Image A shows two conjoined cells forming a dumbbell shape; the fertilization envelope has been removed so that the mesh-like outer layer can be seen. Image B shows the sea urchin embryo when it has divided into 16 conjoined cells; the overall shape is rounder than in image A. Image C shows a “water melon” sea urchin which appears as a peach-colored ball covered in white protruding spines.
Figure 10.1  A sea urchin begins life as a single cell that (a) divides to form two cells, visible by scanning electron microscopy. After four rounds of cell division, (b) there are 16 cells, as seen in this SEM image. After many rounds of cell division, the individual develops into a complex, multicellular organism, as seen in this (c) mature sea urchin. (credit a: modification of work by Evelyn Spiegel, Louisa Howard; credit b: modification of work by Evelyn Spiegel, Louisa Howard; credit c: modification of work by Marco Busdraghi; scale-bar data from Matt Russell)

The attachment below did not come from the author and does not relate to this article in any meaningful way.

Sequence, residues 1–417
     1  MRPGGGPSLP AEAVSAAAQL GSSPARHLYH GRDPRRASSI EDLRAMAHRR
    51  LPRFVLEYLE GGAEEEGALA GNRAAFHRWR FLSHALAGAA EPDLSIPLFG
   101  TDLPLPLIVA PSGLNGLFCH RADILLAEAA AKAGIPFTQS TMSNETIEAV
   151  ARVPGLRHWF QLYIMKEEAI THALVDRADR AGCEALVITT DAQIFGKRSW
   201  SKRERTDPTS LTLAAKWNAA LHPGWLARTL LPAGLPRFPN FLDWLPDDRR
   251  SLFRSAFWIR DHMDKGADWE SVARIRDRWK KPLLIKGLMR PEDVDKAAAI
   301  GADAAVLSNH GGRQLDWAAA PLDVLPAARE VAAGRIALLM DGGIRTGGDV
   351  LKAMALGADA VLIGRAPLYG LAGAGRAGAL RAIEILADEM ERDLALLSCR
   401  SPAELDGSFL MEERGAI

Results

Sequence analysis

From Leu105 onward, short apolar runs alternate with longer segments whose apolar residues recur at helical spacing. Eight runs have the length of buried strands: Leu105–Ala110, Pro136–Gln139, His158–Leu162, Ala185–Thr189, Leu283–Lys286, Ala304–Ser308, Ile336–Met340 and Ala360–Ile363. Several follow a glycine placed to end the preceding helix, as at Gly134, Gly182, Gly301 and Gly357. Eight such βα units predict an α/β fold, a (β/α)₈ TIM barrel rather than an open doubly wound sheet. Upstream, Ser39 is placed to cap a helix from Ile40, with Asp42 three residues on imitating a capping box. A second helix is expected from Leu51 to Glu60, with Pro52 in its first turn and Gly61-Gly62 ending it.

A human, as well as every sexually reproducing organism, begins life as a fertilized egg (embryo) or zygote. Trillions of cell divisions subsequently occur in a controlled manner to produce a complex, multicellular human. In other words, that original single cell is the ancestor of every other cell in the body. Once a being is fully grown, cell reproduction is still necessary to repair or regenerate tissues. For example, new blood and skin cells are constantly being produced. All multicellular organisms use cell division for growth, maintenance, and repair of tissues. Cell division is tightly regulated, and the occasional failure of regulation can have life-threatening consequences. Single-celled organisms use cell division as their method of reproduction.

Not all cells in the body reproduce to repair tissues. Most nerve tissues, for example, are not capable of regeneration. This means people who have damaged their nerves or nervous system are often left paralyzed.

However, this may change in the future; scientists have discovered a new drug called intracellular signal peptide (ISP), which helps nerve cells regenerate in rats. It works by blocking an enzyme that causes scar tissue in damaged nerve cells allowing the nervous system a chance to repair itself. The full research study is located here.